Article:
These francophone minorities have shown great maturity and a deep sense of responsibility. Instead of feeling sorry for themselves, as my hon. colleagues opposite would have hoped for it seems, they worked with the Department of Canadian Heritage to develop the terms of a new co-operative approach, the Canada-community agreements.
These agreements help to better take into consideration the different needs of the official language minorities from various provinces and various areas. These differences do have an impact on the ways to ensure the development and growth of the communities.
Increased co-operation will help the communities to develop a vision based on their needs and to reach a consensus over their priorities in terms of development. The Department of Canadian Heritage subsidies will be allocated in accordance with this vision.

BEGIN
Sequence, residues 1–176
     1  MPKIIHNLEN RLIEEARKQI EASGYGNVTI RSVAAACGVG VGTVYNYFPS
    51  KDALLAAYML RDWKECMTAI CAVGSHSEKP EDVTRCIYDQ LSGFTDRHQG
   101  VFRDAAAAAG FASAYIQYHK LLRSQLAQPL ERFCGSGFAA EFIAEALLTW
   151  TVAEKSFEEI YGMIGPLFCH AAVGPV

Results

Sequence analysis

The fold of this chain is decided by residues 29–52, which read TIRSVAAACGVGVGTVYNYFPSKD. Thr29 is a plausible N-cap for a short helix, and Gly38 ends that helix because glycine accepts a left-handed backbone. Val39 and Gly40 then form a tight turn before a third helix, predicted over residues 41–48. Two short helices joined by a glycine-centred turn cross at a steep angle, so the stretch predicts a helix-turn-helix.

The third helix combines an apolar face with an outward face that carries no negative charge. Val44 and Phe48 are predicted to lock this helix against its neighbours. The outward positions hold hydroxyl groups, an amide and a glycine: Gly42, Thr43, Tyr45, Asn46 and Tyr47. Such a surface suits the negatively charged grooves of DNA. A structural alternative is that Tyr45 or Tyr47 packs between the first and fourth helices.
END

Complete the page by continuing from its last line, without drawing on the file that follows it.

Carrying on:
The department can thus ensure that its support goes towards issues viewed as priorities by the communities themselves, while at the same time involving the communities in the realization of projects and the attainment of results. By turning to those who have the greatest and most genuine stake in the matter, the department achieves better results.
There is no doubt that the results thus obtained, whether in the fields of culture, communications, the economy, education, or whatever, make it possible for our francophone communities outside Quebec not just to survive, but to affirm their vitality throughout the country. Thanks to their schools, their artists, their business people and their institutions, they are increasingly recognized as "value added" for their province or territory, where, furthermore, they are making quite a name for themselves.